1. Francesca Menes, the party's statewide treasurer, just quit and said black party members were being ignored and disrespected:
And now, a high-profile black female party leader has resigned, saying black voices are being ignored at the party's top levels. Last week, Democratic Party treasurer Francesca Menes, a Miami-based immigrant-rights activist of Haitian descent, announced online she had resigned from the state-level party and from her position as the Miami-Dade County Democratic Executive Committee’s “state committeewoman.” In a Facebook post, she wrote that she and other prominent black leaders in the party felt their voices were being overlooked.
"Basically, I'm at the table with no food on my plate, no food to share with others who I represent," Menes wrote on December 3. "As a state officer of the Florida Democratic Party, there was no real respect towards me or the 2 other Black State Officers. We are always kept out of the loop, having to demand information only to get dismissed."
She begged the party to learn from its mistakes in 2018, adding: "As I continue to reflect on the past couple of months and how the party showed up, or actually didn't show for my community it is disheartening. "
Reached via phone, Menes said today that she felt she was being intentionally kept "out of the loop" on the party's financials, and that she felt as if party Chair Terrie Rizzo constantly talked down to her. Despite the fact that she was the treasurer for the entire state party, she says she had not had a sit-down meeting to discuss party financials since May. She said the situation made her "uncomfortable" and that she was worried about signing off on financial statements that she says she'd been prevented from properly reviewing.
"I don’t trust white women who play dumb," Menes said. "I’m careful. I'm observant. And it’s just particular white women — watching how Terrie moves, she doesn’t have any leadership skills."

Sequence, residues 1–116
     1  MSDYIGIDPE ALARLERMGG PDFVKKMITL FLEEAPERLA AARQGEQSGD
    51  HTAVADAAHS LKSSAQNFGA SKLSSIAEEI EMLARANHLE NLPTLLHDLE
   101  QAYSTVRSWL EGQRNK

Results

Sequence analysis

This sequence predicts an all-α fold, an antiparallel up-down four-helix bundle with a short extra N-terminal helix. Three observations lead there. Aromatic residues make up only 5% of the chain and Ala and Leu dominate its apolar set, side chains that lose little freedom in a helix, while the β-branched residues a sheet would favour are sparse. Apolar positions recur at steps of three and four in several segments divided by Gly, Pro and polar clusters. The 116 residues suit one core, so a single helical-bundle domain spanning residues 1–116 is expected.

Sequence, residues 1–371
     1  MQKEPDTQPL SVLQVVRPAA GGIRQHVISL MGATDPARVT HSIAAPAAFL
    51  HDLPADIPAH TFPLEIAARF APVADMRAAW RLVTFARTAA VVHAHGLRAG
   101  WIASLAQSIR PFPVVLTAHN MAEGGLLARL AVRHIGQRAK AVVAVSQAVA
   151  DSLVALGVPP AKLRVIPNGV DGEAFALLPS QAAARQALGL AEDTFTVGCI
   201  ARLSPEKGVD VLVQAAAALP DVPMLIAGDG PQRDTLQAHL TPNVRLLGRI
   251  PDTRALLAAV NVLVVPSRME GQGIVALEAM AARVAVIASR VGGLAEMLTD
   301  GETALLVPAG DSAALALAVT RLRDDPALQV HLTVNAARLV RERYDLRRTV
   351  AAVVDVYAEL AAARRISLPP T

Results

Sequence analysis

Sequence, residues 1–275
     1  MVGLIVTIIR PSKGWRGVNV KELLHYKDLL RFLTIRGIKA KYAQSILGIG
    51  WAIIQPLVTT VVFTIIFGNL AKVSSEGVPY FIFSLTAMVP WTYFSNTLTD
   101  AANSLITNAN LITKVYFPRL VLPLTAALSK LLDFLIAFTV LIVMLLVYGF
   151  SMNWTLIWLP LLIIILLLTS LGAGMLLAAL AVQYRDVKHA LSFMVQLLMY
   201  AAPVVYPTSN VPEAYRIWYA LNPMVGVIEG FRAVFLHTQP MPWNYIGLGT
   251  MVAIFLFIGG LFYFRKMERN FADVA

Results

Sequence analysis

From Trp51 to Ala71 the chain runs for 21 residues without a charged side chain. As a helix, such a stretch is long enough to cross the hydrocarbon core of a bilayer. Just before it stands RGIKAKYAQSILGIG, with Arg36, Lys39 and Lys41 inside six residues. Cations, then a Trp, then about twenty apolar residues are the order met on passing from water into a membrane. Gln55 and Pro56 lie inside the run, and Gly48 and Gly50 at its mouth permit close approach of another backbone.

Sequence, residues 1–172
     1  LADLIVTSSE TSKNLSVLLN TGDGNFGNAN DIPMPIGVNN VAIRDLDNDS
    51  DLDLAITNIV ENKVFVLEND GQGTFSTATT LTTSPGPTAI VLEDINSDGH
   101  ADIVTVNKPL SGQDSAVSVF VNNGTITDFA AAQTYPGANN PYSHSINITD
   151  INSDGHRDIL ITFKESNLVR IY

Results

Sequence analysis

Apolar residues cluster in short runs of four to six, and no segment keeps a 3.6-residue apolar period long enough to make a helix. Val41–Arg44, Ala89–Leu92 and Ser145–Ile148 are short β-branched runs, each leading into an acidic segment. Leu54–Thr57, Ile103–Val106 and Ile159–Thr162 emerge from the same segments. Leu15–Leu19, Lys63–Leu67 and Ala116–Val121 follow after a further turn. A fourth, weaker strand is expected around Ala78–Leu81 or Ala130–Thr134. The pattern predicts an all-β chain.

She said that other black state officials had expressed similar concerns, but said that they were choosing to remain quiet about the party in order to keep their jobs.
2. Stephen Bittel, the party's former leader, just got sued for a smorgasbord of alleged sexual harassment and impropriety claims:
Stephen Bittel, a real-estate billionaire who enjoyed a short reign as head of the Florida Democratic Party before resigning in disgrace last fall, sexually harassed a female employee by describing his sexual partners' pubic hair, detailing his pornography preferences, offering to take her shopping for lingerie, and touching her toes on his private jet, according to a new complaint filed in Miami-Dade Circuit Court.3. Bill Nelson's campaign got whacked for failing to court the Hispanic vote. Via Politico:
The allegations were outlined in a disturbing 27-page lawsuit filed Friday by 34-year-old Andrea Molina, who worked for five years as director of acquisitions for Bittel's real-estate firm, Terranova.
A spokesperson for Bittel issued a statement to New Times Tuesday calling Molina's allegations "sensationalistic and overblown."
"In this case, revisionist history is being used in an attempt to leverage Stephen Bittel for a financial windfall," the statement read. (Bittel's full statement is posted below.)